At this point I guess Philips was also out of ideas, because it took them almost a week to reply to me. Not just that, but once they did, the only thing they asked me to do was a series of power cycles. This (of course) didn't solve the problem either, after which I gave up with support, and decided on simply getting a proper third party app to use (I chose iConnectHue).
A second attempt
A few months go by, and yesterday I'm talking to a colleague of mine which just the other day had bought an iPhone. Somehow, we ended up discussing Philips Hue, at which point I brought up how impossibly broken the official app is. Somewhat surprised, he told me that setup worked instantaneously for him, and he even showed me the app working on his phone. "Never had a single issue with it", he said.
Because it was a Friday, and because I kind of wanted it to just work on my phone as well, I decided to give it another shot. This time, though, I wasn't going to leave it to chance: I grabbed MitmProxy from the toolshed once again, and configured my iPhone to pipe all network traffic through it.
Seconds in, I saw the following:
To a certain extent, this surprised me. I expected it to scan for bridges on multiple IP-Addresses, but what I saw here is that it was successfully connecting to my Bridge, followed by repetitive requests that eventually stopped due to the Link button timeout.
So, obviously, I decided to take a better look at one of those requests.
Alright, so far so good: According to the Official Hue API docs, it tries to create an API user and expects a API token in return (something that's only allowed when clicking the Link button). From thereon forward, this API token is used to communicate with the Hue Bridge, and is stored somewhere in the app on your phone, after which setup is complete.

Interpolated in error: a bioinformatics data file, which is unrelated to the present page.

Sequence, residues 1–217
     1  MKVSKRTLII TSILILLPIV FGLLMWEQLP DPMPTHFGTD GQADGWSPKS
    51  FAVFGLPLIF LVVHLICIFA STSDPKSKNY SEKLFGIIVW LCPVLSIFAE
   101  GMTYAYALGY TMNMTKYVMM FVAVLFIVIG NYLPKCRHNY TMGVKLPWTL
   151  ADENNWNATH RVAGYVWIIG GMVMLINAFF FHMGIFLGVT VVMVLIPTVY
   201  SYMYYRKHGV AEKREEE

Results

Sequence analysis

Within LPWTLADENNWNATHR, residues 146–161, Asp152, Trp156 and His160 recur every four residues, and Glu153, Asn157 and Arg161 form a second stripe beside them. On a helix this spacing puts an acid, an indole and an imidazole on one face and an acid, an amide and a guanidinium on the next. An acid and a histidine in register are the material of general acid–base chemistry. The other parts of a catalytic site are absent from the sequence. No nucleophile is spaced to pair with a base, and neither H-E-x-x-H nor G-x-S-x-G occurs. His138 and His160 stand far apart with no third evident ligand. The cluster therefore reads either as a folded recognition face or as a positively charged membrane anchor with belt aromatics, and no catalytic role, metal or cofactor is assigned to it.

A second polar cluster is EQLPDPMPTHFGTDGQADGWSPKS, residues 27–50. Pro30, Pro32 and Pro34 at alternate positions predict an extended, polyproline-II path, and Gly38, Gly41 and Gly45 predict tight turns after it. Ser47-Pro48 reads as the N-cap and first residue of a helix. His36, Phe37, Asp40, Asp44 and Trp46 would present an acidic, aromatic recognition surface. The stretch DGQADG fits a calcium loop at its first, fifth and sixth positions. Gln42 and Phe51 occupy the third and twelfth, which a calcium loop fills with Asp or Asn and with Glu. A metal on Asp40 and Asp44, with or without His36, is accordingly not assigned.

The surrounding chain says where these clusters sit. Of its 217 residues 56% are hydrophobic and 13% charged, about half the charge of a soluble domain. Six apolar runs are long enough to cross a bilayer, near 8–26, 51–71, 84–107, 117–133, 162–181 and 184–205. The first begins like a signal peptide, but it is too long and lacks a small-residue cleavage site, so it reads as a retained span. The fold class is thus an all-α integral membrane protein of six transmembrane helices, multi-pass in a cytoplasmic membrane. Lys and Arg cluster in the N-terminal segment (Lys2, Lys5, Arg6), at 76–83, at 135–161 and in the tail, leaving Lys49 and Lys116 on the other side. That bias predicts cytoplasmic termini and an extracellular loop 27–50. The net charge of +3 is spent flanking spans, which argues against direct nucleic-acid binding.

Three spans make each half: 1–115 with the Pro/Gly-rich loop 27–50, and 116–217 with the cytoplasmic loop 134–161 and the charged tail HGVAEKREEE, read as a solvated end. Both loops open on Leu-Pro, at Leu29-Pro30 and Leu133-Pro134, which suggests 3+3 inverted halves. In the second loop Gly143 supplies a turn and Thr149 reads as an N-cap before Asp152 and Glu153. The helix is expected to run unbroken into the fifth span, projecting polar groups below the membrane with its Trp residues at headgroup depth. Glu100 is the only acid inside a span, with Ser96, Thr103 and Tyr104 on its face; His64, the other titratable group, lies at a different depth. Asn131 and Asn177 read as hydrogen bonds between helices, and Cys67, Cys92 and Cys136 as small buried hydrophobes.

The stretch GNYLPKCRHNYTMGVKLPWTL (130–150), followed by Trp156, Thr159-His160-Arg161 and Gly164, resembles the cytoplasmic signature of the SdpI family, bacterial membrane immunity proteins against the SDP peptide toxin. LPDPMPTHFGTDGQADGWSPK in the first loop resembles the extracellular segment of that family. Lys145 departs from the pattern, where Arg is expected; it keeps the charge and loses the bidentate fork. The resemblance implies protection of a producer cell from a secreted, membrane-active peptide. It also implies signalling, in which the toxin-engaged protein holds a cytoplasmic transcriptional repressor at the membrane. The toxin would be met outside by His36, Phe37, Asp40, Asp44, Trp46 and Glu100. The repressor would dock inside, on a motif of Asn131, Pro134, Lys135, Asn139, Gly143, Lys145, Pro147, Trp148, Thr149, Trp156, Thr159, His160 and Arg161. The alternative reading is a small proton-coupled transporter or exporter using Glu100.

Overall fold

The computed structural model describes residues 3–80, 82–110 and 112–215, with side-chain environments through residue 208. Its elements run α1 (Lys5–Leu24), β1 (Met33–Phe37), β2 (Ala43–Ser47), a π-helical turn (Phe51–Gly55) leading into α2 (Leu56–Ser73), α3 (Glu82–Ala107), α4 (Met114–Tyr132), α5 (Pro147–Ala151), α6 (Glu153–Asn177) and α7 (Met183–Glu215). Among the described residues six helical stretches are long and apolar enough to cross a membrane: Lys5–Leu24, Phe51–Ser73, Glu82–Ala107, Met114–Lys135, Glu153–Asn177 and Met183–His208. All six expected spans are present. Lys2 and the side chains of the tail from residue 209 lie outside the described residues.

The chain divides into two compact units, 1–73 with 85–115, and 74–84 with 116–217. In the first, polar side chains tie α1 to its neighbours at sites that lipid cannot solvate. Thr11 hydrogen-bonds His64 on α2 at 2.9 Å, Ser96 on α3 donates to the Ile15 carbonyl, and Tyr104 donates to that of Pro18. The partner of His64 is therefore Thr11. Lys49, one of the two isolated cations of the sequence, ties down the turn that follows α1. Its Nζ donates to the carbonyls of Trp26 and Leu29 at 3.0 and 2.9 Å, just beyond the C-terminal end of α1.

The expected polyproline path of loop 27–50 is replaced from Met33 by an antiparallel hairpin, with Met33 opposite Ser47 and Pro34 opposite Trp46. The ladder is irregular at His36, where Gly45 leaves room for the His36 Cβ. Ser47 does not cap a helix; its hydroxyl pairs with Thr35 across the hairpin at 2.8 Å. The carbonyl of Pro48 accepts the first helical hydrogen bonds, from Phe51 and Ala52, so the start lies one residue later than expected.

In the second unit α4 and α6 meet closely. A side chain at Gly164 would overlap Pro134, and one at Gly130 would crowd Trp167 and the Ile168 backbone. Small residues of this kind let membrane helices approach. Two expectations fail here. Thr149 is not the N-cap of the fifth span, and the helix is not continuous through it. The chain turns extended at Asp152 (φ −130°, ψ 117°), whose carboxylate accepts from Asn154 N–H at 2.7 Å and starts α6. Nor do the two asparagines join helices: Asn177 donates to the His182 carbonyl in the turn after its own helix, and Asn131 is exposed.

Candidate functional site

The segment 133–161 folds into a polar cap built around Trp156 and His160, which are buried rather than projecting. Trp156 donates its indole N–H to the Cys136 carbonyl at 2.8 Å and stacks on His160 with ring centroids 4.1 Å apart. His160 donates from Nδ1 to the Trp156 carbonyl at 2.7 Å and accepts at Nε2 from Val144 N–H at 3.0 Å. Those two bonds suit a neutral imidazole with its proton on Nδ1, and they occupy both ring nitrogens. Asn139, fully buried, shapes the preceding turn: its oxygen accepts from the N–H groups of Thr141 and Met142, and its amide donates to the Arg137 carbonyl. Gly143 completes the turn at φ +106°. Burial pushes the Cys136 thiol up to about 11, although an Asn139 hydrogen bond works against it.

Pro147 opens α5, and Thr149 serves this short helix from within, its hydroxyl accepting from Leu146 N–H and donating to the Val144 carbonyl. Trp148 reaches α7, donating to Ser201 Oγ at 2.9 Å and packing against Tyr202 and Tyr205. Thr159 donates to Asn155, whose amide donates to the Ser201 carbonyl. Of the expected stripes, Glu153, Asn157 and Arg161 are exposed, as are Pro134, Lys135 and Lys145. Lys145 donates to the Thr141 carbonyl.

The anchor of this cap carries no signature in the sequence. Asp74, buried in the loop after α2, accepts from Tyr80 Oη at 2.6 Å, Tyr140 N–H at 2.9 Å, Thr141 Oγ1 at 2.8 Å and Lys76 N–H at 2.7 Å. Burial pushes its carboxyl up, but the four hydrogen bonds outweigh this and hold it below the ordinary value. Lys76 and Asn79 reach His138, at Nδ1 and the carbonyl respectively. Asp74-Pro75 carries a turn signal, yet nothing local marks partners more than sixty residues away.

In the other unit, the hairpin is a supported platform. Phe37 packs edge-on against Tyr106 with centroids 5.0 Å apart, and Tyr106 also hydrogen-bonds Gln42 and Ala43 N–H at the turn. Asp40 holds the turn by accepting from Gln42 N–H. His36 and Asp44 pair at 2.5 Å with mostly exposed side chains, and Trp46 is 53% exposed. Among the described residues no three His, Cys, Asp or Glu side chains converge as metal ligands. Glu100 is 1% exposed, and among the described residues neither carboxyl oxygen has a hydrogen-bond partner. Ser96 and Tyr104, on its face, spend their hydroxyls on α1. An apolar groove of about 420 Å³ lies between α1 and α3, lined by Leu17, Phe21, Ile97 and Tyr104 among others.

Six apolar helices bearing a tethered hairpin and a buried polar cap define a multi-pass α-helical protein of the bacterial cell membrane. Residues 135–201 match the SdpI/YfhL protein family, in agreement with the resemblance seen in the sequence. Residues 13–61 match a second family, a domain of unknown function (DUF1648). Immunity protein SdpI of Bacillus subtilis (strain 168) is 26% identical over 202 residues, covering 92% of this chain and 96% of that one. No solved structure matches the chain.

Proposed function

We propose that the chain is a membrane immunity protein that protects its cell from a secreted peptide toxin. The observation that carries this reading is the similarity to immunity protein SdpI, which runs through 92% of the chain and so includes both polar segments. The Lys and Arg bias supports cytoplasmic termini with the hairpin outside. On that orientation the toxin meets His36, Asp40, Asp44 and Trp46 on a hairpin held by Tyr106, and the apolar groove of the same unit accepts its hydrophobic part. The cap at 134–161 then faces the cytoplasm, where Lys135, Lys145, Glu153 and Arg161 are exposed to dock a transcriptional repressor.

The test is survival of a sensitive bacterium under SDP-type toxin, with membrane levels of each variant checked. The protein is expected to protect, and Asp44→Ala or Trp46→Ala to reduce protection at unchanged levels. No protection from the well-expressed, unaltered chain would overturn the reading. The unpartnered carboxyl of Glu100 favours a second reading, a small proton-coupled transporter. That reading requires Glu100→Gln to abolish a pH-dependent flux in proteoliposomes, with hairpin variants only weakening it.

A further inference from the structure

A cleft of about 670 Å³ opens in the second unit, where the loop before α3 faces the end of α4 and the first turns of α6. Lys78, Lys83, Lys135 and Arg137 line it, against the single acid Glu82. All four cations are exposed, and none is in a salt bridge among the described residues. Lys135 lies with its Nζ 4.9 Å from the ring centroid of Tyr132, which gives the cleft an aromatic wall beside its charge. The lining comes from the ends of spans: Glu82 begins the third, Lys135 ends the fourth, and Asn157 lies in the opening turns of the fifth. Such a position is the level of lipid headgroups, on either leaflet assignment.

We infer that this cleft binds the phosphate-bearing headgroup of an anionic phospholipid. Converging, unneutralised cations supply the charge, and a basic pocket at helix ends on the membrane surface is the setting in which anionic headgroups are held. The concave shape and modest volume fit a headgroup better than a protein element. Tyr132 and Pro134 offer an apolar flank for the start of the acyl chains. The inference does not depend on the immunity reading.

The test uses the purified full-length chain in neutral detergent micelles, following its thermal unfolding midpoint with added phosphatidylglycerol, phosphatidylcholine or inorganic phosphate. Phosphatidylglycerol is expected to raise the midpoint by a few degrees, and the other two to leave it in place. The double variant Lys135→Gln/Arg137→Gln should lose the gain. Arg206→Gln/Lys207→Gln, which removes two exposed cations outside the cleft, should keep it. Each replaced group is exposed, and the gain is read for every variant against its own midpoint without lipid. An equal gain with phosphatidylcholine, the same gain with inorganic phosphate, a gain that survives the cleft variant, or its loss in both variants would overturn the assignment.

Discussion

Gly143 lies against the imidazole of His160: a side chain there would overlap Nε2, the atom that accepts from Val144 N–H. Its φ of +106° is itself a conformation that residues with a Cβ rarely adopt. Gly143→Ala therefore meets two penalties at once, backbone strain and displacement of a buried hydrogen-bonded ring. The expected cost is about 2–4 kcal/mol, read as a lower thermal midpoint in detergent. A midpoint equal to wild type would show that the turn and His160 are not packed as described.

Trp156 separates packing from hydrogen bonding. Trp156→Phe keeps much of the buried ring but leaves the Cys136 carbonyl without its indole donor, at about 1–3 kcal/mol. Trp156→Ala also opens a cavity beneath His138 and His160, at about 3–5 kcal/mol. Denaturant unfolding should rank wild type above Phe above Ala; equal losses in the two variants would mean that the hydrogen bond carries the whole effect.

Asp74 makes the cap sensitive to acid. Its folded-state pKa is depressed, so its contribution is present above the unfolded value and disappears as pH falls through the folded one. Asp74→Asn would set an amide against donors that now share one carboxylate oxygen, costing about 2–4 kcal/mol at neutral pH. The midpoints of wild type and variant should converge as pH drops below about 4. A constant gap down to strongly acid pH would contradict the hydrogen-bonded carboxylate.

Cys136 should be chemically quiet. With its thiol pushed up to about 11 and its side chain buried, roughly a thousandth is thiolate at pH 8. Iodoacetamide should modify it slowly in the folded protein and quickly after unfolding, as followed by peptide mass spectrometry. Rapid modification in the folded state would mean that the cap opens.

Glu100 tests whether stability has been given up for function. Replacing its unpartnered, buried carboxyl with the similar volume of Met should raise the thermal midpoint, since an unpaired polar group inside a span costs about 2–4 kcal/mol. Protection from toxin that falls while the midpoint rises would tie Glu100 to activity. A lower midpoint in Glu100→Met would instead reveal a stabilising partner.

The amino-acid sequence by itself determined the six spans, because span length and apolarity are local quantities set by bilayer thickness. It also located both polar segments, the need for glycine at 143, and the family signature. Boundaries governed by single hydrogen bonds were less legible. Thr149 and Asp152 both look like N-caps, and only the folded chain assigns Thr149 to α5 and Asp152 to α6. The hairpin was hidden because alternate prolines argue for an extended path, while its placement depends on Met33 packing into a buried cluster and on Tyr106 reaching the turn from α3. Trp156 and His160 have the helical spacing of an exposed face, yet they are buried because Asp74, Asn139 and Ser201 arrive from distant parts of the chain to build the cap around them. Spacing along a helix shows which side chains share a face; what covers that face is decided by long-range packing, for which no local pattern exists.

But then why did it keep sending the same type of request?!
body contains invalid json".
On first sight, this does not make any sense, as my colleague's phone was set up properly using the same app just a few days ago, and I've tested the API today and know with certainty that it works. Besides, the only thing it's really sending is the name of my iPhone so it ca—OH!
Let me take a step back there: In my case, my iPhone's name is
デッカー・クラウディオのiPhone (Claudio Dekker's iPhone, written in Katakana, a Japanese character set). As it turns out, the official Philips Hue app doesn't properly escape iPhone Device Names with "foreign" characters in them. This causes the underlying software to crash and return an error message:
body contains invalid json.
At this stage, though, the app isn't really expecting any error, so it simply re-sends the request again, and again, and again, until at some point either the setup succeeds, or time runs out and you're returned to the "main" screen, seemingly as-if you've never clicked the "Link" button.
Working around the issue
Since the App 'trades' the device name for an API token (which it uses from thereon forward), the issue seems to be limited to only the initial set-up screen.
As such, on my iPhone, I went to
Settings -> General -> About -> Name and changed my iPhone's name from
TestHueiPhoneFix (something with regular 'Latin' / 'Roman' characters) and gave it another shot. Straight away, I saw the following in
When I looked away from my Macbook screen back to my iPhone, the app was already configured and I could finally use it. I switched back my iPhone's name to what it was before (
デッカー・クラウディオのiPhone), and even after killing and cold-booting the app, it was still working as expected.
January 28th, 2017 - Bug discovered and Reported with Philips Support (NL)
January 30th, 2017 - Issue forwarded to Philips Lighting Developers
(Note to developers: If you have further updates and support didn't forward my email address, just send a response to blog at dekker.io)